During the Summer Nicki Walsh, Programme Leader for Health & Social Care at Bishop Grosseteste University (BGU), presented at a number of international conferences showcasing the work being undertaken in Lincolnshire to support improvements in General Practice.
Changing health and social needs, due in part to longer lifespans and rapidly ageing populations around the world, mean that many causes of ill health are chronic and more complex due to comorbidities (e.g. Diabetes, respiratory disease). This therefore requires the providers of Health and Social care to respond in a dynamic, flexible and sustainable way to these pressures and challenges. While adapting, the focus of practitioners must be on the delivery of safe, effective and appropriate care.
General Practice (in the UK) is well placed to respond to these pressures (NHS England 2013 and NHS England 2015). At the heart of this response is the General Practice Nurse (GPN) however workforce demographics and years of underinvestment in the workforce will see the number of skilled nurses needed reduce considerably in the next 10 years (QNI, 2015), causing what can be termed a “knowledge haemorrhage”, where practice experience and intuitive practice are lost. Therefore, investment in pre-registration and post registration professional education along with creative solutions which respond to this knowledge loss are needed (Walsh, 2017). This is particularly true of recruitment and retention both of which are key to ensuring that provision is fit for purpose.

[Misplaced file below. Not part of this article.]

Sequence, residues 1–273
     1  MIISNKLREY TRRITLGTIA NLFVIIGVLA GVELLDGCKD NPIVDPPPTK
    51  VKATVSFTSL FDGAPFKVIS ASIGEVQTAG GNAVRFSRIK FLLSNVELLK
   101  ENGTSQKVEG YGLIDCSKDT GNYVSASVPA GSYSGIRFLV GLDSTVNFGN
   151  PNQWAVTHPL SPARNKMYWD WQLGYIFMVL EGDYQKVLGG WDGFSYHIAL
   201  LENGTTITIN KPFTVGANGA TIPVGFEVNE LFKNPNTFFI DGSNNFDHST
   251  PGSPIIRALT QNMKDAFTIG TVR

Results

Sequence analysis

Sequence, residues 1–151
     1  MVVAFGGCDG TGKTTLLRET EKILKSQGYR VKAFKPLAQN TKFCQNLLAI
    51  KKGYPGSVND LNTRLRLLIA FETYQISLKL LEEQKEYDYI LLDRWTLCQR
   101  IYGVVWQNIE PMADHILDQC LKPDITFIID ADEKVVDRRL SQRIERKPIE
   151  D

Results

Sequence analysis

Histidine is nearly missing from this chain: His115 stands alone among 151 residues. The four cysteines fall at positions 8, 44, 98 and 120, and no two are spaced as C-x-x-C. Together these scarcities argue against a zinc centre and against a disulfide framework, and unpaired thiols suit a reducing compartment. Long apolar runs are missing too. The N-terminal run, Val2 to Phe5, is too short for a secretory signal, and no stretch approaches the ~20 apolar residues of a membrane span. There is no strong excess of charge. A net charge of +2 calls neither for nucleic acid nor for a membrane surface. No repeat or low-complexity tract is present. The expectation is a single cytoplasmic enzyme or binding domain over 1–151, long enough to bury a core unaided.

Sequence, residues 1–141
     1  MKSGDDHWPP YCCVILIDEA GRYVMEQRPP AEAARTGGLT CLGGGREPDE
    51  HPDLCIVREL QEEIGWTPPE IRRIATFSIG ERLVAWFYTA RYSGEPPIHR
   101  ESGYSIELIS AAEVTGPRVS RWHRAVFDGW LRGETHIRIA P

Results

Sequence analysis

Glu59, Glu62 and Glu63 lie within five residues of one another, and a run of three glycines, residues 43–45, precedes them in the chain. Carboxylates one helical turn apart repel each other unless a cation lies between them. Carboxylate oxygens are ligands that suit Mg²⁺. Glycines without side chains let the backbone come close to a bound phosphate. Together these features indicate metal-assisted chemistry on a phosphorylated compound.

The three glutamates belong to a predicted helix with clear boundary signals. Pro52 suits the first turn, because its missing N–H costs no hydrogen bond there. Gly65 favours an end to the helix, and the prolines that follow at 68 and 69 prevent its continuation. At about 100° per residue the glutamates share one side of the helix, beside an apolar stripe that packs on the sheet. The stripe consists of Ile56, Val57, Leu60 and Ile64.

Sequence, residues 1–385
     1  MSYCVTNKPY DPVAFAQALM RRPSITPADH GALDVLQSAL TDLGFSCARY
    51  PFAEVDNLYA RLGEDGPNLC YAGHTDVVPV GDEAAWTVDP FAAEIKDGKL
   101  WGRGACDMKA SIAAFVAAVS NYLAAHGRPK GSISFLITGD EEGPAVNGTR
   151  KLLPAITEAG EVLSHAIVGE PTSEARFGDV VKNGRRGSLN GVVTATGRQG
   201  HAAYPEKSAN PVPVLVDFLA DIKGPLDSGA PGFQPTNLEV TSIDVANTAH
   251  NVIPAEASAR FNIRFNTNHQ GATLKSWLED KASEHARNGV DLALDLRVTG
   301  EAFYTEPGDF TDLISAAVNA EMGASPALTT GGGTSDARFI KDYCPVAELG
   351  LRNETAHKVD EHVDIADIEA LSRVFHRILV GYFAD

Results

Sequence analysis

In August, Nicki presented at the 2nd International Conference on Nursing Science & Practice (United Scientific Group) in London. Her paper looked at a number of interventions and activities which are occurring locally to support the GPN agenda. This included the work with Lincs West CCG, which sees a monthly GPN Educational Forum held at BGU. It also looked at the data from the evaluation of a project with the University of Lincoln, which explored getting newly qualified nurses into General Practice. In addition Nicki presented her preliminary findings from her PhD, which is using a diabetes lens to look at the value and effectiveness of continuing professional development (CPD) for GPNs.
At the beginning of September Nicki was in Cambridge presenting at the 29th International Networking for Education in Healthcare Conference (Advance HE). Delivering her preliminary findings of her PhD to an audience of peers she was well received and was able to establish some important networking opportunities.
Finally, at the end of September a Nicki’s collaborative work with Rachel Mason (from the University of Lincoln) was presented at the Queen’s Nursing Institute Conference at the Royal College of GPs. This showcased work which saw undergraduate student nurses undertake their final management placement within General Practice. This was again well received and work is currently being carried out to prepare a case study for the Atlas of Shared Learning at the request of NHS England, which is designed to showcase examples of good practice designed to lead change across the NHS.
All of this work leads to the new BGU Masters Programme for Primary and Community Care which will see BGU enter the evolving field of Practitioner education with a focus on Advance Practice.